How to Observe a Teaching Assistant

Updated March 24, 2017

As the supervising teacher, school principal or area superintendent, you may be required supervise, monitor or write an assessment about a teaching assistant. To do that right, you have to observe her in the classroom, in the school and on the playground. Informal observation happens automatically whenever you meet the teaching assistant in the hall or in the staff room, and these interactions will help you create an impression of the person that will factor into formal assessments. Formal observation requires more planning, as it is generally used as the basis of an assessment or teaching appraisal.

Schedule a time to observe the teaching assistant. Let him know in advance when that will be. If you are the classroom teacher, you can say something like, "Tomorrow morning from 11:30 to 12, I'm going to sit in the back of the classroom and watch how you work with the students as they will be doing their math at that time."

Make a list of skills and attitudes you are going to look for based on the teaching assistant's job description. This might include things such as preparation, interaction with students and presentation skills.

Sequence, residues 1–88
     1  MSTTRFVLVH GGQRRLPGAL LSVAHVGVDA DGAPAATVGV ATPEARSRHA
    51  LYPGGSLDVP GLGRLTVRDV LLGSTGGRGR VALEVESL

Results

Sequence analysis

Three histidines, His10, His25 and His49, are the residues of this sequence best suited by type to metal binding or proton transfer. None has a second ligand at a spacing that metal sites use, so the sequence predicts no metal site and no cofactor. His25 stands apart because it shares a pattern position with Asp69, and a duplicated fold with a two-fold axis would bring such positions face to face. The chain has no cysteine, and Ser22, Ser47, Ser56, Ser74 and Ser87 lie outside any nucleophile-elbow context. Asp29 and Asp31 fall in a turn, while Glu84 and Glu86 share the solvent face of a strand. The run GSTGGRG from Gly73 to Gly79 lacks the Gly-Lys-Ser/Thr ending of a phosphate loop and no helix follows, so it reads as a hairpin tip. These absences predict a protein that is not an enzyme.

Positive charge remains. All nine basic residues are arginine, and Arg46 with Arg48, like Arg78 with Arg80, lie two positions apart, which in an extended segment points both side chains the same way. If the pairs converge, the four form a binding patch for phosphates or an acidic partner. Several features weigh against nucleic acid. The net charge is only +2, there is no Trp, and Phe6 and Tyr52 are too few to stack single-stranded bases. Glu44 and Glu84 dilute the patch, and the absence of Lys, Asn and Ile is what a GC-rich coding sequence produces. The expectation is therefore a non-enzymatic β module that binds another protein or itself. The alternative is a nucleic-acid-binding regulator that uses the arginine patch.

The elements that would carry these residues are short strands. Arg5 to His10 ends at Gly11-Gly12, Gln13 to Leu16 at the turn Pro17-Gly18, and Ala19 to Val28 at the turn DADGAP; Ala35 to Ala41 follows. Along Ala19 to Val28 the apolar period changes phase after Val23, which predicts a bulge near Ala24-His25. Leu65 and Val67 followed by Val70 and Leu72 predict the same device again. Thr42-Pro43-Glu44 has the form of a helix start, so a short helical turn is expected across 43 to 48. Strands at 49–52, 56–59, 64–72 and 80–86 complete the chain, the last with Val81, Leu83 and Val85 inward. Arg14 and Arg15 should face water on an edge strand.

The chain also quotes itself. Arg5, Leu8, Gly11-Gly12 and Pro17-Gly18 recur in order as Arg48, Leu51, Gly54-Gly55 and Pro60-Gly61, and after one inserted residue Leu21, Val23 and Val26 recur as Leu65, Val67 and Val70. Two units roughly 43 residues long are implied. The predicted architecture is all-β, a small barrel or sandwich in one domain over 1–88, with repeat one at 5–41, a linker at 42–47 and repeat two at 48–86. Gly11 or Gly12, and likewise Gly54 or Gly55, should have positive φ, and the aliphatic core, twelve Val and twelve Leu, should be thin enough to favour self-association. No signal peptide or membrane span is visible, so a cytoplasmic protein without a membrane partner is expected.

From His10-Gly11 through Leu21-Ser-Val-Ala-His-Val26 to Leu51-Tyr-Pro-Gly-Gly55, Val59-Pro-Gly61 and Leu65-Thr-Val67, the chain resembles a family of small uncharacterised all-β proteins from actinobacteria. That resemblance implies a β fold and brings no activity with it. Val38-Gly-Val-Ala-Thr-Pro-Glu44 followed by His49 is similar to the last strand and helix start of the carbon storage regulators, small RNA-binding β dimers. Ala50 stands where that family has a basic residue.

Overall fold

Observe the teaching assistant and try to be as unobtrusive as possible. Take notes as you are watching her, because it will refresh your memory when it comes times to write your report.

Work from the form you designed or one that is provided by the school administration. A 1 to 5 scale is the best way to rate performance of teaching staff in each category.

Write your report --- if it is required at the end of the form --- as soon as possible after observing the teaching assistant. The longer you leave it, the more difficult it will be to recall details.

Have a debriefing session with the teaching assistant. Provide positive reinforcement and suggest areas that could be improved. Leave him with a copy of your observation report.

Schedule a follow-up observation appointment. Mark it in your diary and have the teaching assistant do the same.

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About the Author

Jody Hanson began writing professionally in 1992 to help finance her second around-the-world trip. In addition to her academic books, she has written for "International Living," the "Sydney Courier" and the "Australian Woman's Forum." Hanson holds a Ph.D. in adult education from Greenwich University.